Be careful that you do not stop going to confession, and tell the same to your sisters. May you all recommend me to God, for I will never forget to do so for you.

Saint John of the Cross

Letter 2 (excerpt)
[To María de Soto, in Baeza
Granada, March 1582]

Haifa-icon
St. John of the Cross (Carmel of Haifa)
BAEZ - God is light and darkness IGsize
“Hence when the divine light of contemplation strikes a soul not yet entirely illumined, it causes spiritual darkness, for it not only surpasses the act of natural understanding but it also deprives the soul of this act and darkens it.” (St. John of the Cross, The Dark Night II:5)
“They became frightened when they entered the cloud” (Luke 9:34)

Quote of the day: 4 March

THE SPIRITUAL CANTICLE

This commentary on the stanzas that deal with the exchange of love between the soul and Christ, its Bridegroom, explains certain matters about prayer and its effects. It was written at the request of Mother Ana de Jesús, prioress of the Discalced Carmelite nuns of St. Joseph’s in Granada, in the year 1584.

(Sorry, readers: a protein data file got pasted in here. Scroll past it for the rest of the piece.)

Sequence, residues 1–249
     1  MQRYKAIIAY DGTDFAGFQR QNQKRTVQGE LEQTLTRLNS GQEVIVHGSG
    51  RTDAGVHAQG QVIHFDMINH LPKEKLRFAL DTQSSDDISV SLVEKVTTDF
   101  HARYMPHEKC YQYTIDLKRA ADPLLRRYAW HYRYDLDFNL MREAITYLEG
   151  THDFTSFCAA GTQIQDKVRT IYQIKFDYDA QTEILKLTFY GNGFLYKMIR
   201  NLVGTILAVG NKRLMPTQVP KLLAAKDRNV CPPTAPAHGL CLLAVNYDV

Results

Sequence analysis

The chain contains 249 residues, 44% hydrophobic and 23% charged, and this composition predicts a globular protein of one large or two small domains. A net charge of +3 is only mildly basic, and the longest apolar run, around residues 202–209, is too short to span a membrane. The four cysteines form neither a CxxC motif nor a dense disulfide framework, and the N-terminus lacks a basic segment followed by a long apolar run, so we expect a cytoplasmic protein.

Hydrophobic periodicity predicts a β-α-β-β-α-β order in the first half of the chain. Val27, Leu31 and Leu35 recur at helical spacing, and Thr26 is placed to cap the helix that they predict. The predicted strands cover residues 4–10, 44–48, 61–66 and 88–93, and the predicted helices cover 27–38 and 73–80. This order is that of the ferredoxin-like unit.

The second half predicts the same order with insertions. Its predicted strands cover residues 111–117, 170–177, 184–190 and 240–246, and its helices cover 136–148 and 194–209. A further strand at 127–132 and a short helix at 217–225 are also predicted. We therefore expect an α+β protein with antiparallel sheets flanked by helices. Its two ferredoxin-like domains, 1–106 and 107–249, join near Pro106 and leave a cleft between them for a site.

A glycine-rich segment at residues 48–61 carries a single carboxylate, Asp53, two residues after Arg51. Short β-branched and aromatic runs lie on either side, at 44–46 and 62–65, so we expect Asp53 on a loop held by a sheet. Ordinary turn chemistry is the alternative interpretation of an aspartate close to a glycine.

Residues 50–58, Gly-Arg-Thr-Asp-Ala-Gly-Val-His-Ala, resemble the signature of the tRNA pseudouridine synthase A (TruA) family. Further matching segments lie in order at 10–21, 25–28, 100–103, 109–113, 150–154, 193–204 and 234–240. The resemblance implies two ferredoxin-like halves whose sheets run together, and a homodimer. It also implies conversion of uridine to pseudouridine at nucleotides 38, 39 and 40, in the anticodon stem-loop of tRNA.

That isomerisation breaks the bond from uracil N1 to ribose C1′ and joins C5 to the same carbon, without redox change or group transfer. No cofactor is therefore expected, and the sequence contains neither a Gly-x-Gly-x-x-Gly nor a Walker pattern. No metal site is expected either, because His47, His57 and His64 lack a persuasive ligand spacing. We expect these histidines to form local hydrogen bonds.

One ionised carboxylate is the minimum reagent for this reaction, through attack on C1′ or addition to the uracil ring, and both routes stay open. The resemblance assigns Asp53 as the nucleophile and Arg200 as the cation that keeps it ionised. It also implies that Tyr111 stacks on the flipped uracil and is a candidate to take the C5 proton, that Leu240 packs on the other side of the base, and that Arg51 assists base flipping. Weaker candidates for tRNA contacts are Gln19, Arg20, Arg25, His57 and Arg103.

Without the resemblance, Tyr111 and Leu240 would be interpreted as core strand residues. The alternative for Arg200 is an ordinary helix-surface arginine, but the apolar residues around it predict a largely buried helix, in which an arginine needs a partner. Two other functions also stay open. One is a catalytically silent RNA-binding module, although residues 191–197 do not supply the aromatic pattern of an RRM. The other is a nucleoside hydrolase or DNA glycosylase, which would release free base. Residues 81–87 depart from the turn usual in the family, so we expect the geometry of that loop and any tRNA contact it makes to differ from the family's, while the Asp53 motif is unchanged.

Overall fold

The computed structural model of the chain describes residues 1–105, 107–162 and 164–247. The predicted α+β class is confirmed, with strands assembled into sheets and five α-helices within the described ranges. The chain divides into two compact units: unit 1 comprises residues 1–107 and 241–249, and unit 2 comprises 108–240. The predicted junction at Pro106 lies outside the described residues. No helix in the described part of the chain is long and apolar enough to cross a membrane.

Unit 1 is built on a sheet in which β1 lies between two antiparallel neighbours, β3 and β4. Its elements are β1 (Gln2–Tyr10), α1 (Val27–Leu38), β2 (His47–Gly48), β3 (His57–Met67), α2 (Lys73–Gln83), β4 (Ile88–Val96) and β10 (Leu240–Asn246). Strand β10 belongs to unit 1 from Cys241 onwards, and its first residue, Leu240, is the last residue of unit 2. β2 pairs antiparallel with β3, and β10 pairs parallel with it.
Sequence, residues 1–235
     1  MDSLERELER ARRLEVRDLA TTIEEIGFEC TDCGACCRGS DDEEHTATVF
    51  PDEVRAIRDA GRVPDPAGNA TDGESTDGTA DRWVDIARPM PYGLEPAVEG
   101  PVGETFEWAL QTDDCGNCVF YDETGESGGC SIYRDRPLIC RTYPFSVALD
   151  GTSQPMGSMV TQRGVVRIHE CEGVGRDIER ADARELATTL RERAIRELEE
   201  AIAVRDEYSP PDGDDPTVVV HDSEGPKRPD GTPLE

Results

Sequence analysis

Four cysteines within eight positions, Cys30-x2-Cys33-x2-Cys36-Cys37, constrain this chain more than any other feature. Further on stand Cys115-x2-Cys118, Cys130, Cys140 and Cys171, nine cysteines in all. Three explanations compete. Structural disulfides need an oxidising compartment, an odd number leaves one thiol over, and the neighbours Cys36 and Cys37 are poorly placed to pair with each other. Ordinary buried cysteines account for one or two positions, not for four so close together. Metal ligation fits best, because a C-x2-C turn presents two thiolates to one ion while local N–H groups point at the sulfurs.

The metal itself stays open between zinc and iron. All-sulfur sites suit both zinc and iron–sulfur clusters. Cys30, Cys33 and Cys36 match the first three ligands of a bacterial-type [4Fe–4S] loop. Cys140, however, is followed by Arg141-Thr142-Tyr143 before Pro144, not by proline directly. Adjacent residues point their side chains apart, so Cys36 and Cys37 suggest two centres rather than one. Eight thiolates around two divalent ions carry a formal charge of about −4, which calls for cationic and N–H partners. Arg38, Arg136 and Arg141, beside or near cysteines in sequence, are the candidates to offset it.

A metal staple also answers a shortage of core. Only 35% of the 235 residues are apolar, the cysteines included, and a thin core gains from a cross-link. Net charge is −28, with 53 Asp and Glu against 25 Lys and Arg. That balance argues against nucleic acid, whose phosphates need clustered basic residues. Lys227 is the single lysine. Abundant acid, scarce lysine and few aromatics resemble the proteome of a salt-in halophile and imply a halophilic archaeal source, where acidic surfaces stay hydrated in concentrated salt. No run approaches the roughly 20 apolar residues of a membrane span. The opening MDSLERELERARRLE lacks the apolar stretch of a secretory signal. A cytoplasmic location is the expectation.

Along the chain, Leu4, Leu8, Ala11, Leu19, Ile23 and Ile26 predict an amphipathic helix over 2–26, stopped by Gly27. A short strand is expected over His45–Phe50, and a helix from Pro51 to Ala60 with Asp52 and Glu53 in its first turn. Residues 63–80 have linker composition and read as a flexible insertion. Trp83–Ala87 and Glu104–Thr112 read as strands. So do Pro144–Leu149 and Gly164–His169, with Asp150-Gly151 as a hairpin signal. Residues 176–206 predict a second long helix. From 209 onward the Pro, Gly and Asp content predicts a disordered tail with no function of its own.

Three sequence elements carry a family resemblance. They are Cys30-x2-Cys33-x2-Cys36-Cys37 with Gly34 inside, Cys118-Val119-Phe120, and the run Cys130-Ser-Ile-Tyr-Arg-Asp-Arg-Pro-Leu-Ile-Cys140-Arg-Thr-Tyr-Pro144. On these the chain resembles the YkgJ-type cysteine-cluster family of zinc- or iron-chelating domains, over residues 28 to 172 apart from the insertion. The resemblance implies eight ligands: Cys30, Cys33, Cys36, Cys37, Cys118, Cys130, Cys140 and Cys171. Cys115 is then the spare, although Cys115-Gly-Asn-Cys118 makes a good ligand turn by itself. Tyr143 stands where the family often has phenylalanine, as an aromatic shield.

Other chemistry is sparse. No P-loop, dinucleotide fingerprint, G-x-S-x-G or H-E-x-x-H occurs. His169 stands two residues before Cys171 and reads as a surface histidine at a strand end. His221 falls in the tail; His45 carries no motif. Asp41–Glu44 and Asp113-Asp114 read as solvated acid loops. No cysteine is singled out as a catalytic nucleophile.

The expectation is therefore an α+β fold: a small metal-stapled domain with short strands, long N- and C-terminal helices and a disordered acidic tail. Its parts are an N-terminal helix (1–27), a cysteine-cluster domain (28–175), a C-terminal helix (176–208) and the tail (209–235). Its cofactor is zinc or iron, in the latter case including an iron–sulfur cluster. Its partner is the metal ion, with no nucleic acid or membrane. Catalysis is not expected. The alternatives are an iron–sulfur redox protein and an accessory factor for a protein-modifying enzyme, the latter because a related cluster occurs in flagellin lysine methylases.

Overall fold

PROLOGUE

1. These stanzas, Reverend Mother, were obviously composed with a certain burning love of God. The wisdom and charity of God is so vast, as the Book of Wisdom states, that it reaches from end to end [Wis. 8:1], and the soul informed and moved by it bears in some way this very abundance and impulsiveness in her words. As a result, I do not plan to expound these stanzas in all the breadth and fullness that the fruitful spirit of love conveys to them. It would be foolish to think that expressions of love arising from mystical understanding, like these stanzas, are fully explainable. The Spirit of the Lord, who abides in us and aids our weakness, as St. Paul says [Rom. 8:26], pleads for us with unspeakable groanings in order to manifest what we can neither fully understand nor comprehend.